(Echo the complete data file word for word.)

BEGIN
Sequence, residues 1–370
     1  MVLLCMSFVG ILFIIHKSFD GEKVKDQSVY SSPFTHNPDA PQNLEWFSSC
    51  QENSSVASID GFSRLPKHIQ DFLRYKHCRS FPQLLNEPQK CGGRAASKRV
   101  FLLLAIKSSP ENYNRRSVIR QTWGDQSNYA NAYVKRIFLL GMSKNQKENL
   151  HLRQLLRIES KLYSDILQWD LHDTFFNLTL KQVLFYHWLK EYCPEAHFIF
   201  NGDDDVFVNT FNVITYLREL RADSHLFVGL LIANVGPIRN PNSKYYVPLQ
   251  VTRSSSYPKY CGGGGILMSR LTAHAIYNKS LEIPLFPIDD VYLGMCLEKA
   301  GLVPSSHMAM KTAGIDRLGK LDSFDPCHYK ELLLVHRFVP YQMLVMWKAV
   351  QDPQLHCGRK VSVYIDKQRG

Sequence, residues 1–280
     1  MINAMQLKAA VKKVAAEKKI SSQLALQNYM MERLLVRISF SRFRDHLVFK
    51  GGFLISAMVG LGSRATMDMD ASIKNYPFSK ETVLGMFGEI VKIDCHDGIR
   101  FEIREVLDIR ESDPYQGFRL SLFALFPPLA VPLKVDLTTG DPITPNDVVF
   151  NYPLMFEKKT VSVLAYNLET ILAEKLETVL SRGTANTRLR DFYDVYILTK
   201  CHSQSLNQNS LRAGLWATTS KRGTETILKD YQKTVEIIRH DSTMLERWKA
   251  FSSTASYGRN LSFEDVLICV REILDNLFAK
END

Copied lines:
Sequence, residues 1–370
     1  MVLLCMSFVG ILFIIHKSFD GEKVKDQSVY SSPFTHNPDA PQNLEWFSSC
    51  QENSSVASID GFSRLPKHIQ DFLRYKHCRS FPQLLNEPQK CGGRAASKRV
   101  FLLLAIKSSP ENYNRRSVIR QTWGDQSNYA NAYVKRIFLL GMSKNQKENL
   151  HLRQLLRIES KLYSDILQWD LHDTFFNLTL KQVLFYHWLK EYCPEAHFIF
   201  NGDDDVFVNT FNVITYLREL RADSHLFVGL LIANVGPIRN PNSKYYVPLQ
   251  VTRSSSYPKY CGGGGILMSR LTAHAIYNKS LEIPLFPIDD VYLGMCLEKA
   301  GLVPSSHMAM KTAGIDRLGK LDSFDPCHYK ELLLVHRFVP YQMLVMWKAV
   351  QDPQLHCGRK VSVYIDKQRG

Sequence, residues 1–280
     1  MINAMQLKAA VKKVAAEKKI SSQLALQNYM MERLLVRISF SRFRDHLVFK
    51  GGFLISAMVG LGSRATMDMD ASIKNYPFSK ETVLGMFGEI VKIDCHDGIR
   101  FEIREVLDIR ESDPYQGFRL SLFALFPPLA VPLKVDLTTG DPITPNDVVF
   151  NYPLMFEKKT VSVLAYNLET ILAEKLETVL SRGTANTRLR DFYDVYILTK
   201  CHSQSLNQNS LRAGLWATTS KRGTETILKD YQKTVEIIRH DSTMLERWKA
   251  FSSTASYGRN LSFEDVLICV REILDNLFAK